The Sam Melbourne G.A.A. Collection
By Seamus J. King
Sam Melbourne died on August 11, 2013 in his ninety-first year. His collection of G.A.A. material forms the basis of Lár na Páirce, the Museum of Gaelic Games at Slievenamon Road, Thurles.
Over eightyty years ago Sam started his collection which includes over 300 hurleys, signed by their star owners, photographs, whistles, jerseys, footballs and sliotars, newspaper cuttings and trophies, all relating to the history and deeds of great hurlers and footballers.
Born in 1923 at Curraheen, Horse & Jockey, Sam was a Church of Ireland man of farming stock whose boyhood heroes were Jack Gleeson and Tim Condon, who won three and four All-Irelands respectively at the turn of the century. Sam himself played hurling with success and was a member of the Mid minor team in 1940 and 1941. Cycling was another important sport for him and he recalls cycling to the 1945 All-Ireland.
His greater claim to fame was his collection of G.A.A. material, which he started in 1937 with Johnny Ryan’s hurley. Johnny and the rest of the famous Moycarkey family were also his heroes.
He continued his collection when he moved into Thurles in 1948 to open a sports shop in Friar Street. The oldest hurley in the collection dates back to Ennis in 1870. According to Sam he never met with a refusal when he asked a player for an item.
John was married to Charlotte Smyth from Killenaule by this stage and they decided to move to Dublin in 1956. His collecting never ceased and over the course of years he had amassed a large amount of material.
Sam entered a new stage of his life after coming to Dublin, Someone suggested he should put the material on show and he jumped at the idea. One of the first places he brought his exhibition was to Ballycotton on the invitation of Jack Lynch and Fr. Bertie Troy. He never looked back after that.
He used load up his collection in a Hiace van on a Friday evening and drive to some G,A,A, club or community centre anywhere in the country, set up his exhibition on Saturday and return home on Sunday evening. He would give a talk, answer all kinds of questions and even add to his collection during the visit. He admits this was a wonderful part of his life and he used to love doing it.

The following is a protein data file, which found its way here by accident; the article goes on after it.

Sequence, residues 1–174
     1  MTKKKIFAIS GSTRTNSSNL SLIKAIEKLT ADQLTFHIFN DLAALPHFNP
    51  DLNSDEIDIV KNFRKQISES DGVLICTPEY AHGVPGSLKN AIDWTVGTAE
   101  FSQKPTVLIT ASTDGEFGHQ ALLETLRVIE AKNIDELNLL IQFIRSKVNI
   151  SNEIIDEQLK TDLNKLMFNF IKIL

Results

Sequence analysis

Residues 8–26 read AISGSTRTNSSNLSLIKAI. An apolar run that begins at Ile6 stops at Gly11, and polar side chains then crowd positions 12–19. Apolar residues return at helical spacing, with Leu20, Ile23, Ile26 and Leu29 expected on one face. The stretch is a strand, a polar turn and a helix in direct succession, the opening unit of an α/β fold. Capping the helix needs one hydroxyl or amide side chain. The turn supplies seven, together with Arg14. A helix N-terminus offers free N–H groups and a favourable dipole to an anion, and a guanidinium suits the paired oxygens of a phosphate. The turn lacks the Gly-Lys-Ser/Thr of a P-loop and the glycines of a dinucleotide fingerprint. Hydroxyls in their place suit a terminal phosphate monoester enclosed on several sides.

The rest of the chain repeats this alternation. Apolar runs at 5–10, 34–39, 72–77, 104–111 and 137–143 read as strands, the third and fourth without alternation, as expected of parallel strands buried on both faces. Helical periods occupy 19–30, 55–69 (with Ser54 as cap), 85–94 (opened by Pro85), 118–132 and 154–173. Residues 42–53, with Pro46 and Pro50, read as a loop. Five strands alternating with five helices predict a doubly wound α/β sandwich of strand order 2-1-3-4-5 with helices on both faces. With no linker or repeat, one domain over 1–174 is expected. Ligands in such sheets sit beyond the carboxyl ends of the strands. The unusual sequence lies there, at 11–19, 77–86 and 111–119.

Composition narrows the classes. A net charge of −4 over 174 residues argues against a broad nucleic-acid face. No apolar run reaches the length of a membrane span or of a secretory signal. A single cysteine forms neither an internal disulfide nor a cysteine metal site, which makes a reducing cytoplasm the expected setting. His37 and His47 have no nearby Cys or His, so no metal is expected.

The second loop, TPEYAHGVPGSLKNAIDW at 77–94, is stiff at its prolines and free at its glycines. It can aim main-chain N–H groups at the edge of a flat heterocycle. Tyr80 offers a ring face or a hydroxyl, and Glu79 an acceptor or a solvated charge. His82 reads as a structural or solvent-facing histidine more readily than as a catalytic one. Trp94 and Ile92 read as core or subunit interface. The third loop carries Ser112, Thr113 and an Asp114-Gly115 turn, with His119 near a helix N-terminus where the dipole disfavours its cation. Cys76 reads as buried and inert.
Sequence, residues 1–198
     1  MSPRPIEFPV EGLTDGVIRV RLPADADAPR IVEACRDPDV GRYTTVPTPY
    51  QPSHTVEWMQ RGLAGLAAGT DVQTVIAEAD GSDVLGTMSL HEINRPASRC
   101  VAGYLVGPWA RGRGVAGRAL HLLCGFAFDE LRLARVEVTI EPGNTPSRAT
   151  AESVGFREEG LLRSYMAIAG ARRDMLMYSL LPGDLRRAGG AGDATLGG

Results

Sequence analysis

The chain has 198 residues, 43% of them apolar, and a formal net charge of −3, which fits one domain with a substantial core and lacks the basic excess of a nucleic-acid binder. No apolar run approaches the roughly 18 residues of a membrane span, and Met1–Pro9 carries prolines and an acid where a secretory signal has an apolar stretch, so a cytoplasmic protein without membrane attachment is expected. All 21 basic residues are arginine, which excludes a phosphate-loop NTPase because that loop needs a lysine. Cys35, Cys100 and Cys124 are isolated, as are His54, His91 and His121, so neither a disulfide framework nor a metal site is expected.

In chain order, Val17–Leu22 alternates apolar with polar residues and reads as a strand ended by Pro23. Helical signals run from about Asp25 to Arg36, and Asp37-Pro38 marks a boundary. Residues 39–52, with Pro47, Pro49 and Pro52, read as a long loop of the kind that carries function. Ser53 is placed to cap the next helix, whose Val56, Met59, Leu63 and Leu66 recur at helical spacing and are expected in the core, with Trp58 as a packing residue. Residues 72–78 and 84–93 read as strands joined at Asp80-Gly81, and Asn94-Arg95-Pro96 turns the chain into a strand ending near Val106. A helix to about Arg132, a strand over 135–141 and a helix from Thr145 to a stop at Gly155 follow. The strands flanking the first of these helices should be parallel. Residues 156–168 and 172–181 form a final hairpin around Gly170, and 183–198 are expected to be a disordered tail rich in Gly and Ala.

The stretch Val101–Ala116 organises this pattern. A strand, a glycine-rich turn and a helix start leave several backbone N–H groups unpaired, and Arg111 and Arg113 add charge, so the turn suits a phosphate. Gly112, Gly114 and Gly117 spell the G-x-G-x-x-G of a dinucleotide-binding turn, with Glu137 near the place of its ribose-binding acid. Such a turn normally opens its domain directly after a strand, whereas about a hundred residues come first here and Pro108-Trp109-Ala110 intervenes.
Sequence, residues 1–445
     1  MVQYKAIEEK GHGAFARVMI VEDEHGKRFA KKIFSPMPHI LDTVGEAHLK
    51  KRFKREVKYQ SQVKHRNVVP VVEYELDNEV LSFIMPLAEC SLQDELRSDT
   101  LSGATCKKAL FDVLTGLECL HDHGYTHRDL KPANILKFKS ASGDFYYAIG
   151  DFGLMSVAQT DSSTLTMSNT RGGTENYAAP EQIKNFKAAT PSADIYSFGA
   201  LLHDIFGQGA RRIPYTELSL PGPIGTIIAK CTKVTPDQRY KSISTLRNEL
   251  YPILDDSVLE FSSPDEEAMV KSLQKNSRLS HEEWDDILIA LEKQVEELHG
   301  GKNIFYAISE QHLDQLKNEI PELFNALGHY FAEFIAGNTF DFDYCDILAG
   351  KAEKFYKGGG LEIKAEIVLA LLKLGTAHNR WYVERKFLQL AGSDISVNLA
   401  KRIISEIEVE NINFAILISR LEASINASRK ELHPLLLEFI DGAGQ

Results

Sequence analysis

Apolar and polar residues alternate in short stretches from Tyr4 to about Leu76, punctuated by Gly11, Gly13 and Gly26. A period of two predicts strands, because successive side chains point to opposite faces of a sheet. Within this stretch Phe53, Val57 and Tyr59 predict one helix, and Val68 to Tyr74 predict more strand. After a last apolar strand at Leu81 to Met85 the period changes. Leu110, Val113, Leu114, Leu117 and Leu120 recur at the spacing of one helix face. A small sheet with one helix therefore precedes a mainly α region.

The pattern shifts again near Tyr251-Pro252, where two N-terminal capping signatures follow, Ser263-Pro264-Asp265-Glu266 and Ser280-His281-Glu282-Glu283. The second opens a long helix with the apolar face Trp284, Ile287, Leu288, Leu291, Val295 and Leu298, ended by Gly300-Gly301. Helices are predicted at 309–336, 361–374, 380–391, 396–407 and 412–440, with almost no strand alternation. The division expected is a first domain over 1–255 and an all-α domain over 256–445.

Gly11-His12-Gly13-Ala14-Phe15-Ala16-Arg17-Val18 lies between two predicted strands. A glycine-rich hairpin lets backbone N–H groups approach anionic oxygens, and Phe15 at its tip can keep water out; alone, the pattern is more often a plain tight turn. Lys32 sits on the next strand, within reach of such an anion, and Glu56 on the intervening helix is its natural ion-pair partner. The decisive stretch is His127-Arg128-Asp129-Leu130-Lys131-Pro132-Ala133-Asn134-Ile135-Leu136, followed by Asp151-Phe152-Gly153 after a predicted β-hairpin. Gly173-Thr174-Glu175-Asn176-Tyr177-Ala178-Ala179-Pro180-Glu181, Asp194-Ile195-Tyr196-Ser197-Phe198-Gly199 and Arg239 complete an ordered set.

He continued this way of life into the eighties when his collection had grown so large his garage was no longer big enough to contain it. The years were also catching up on Sam and the energy wasn’t as great as previously. He decided to find a new owner for the collection. Eventually the Tipperary county board purchased it from Sam in 1988.
The county board looked around for a location to house the collection and, in conjunction with Thurles Development Association and Shannon Development, the old Bank of Ireland building on Slievenamon Road was purchased, refurbished and opened as a Museum of Gaelic Games by President Mary Robinson on November 8, 1994, one hundred and ten years and a week after the foundation of the G.A.A. in Hayes’s Hotel. It ensured that Sam Melbourne’s collection would continue to be available for viewing by the general public.
The Scrapbook Collection
The Sam Melbourne Collection housed in Lár na Páirce also includes an extensive scrapbook collection that Sam Melbourne put together over forty years. During this period he cut texts and pictures from every newspaper, national and provincial, after every game and painstakingly pasted them into bound volumes, many of which started life as weighty ledgers, wallpaper samples or smaller albums The collection includes a sprinkling of memorabilia from other sports as well as gaelic games, and also pictures of contemporary personalities in other walks of life and the great showbands that filled the ballrooms of romance between the fifties and the eighties..
The total collection comes to thirty-seven items. Twenty-five of these are filled with the memorabilia of hurling and football games that used to cover the walls of the Melbourne garage at Villa Park Gardens off the Navan Road, Dublin until he ran out of space to show them. As he stated in an interview with Sean Cryan in the Sunday Press in 1978: ‘I begged, borrowed and bought pictures anywhere I could lay hands on them and as I ran out of wall space I put them in these albums pointing to huge tomes measuring 3 feet by 2 foot .’ It has been estimated that if all the pages were spread out side by side, and virtually every page is covered on each side, the lot would cover close to 700 square metres. When the amount of cutting and pasting is taken into consideration, the mind boggles!